Adecco believes that the ability to successfully upskill the workforce will be a key factor in determining the success or failure of the business as those who do so well will benefit exponentially from the productivity, efficiency, and flexibility of the latest technologies promise to provide businesses.
It can be easy to be sucked into short-term thinking and view training in terms of the time spent away from day-to-day work, and even though the lens of the reduced productivity of workers learning new ways of operating. Adecco is adamant however that this is the wrong approach, and that increases the speed with which organizations learn will be a real competitive advantage.
In a world that is increasingly determined by the talent at your disposal, robust investment in training and development not only helps to ensure existing employees have the right skills, but it acts as a tangible pull to the highest quality talent in the wider marketplace.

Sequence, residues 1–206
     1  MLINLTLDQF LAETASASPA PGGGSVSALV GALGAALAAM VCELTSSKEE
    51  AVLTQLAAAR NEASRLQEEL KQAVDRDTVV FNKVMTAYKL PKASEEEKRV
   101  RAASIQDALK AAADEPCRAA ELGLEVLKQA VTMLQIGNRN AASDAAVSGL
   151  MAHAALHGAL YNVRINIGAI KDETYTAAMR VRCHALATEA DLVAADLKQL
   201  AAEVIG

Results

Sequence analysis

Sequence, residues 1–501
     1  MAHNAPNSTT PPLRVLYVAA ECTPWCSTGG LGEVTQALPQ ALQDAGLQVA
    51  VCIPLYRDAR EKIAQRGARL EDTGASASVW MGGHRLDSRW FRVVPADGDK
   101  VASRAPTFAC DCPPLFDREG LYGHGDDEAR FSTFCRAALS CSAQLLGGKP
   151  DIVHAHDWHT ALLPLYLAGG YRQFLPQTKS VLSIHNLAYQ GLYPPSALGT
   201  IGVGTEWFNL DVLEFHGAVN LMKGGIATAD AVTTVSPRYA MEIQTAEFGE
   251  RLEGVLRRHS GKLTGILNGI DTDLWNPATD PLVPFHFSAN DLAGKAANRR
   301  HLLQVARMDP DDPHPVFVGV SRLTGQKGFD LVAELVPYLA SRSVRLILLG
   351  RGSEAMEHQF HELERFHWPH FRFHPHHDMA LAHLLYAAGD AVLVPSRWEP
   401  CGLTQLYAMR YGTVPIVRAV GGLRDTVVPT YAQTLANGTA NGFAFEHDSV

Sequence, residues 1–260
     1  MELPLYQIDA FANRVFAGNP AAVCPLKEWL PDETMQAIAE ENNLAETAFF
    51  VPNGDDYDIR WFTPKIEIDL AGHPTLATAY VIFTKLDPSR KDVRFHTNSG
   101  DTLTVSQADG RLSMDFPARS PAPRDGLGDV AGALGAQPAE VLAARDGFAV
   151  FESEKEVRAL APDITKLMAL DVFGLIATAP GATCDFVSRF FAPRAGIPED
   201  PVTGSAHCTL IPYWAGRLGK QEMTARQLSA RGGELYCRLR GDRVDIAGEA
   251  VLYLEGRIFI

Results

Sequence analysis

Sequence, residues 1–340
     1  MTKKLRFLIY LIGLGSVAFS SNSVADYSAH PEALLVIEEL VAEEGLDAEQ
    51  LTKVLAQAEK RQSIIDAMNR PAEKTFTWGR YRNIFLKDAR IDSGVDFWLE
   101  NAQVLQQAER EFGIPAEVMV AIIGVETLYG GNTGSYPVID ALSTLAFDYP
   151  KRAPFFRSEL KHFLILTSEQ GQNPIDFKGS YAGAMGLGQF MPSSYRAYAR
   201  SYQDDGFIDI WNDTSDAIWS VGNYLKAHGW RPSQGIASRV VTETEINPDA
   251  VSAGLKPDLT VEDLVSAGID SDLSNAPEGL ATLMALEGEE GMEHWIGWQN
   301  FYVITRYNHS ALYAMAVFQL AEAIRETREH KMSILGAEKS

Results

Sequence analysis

“Any employee with a decent degree of motivation is going to be interested in how the company can help them and their career,” the authors explain. “If you can offer an upskilling programme that fits their aims, then you immediately become a more appealing place to work.”
With just 44% of SMEs planning to invest in upskilling in the next few years, there is a real opportunity for the more forward-thinking among them to steal a march on their peers. Whether it’s investing in technical training or the softer skills that are so often vital to sit alongside them, the return on training investment is considerable and will help to position your workforce with the skills they need to thrive.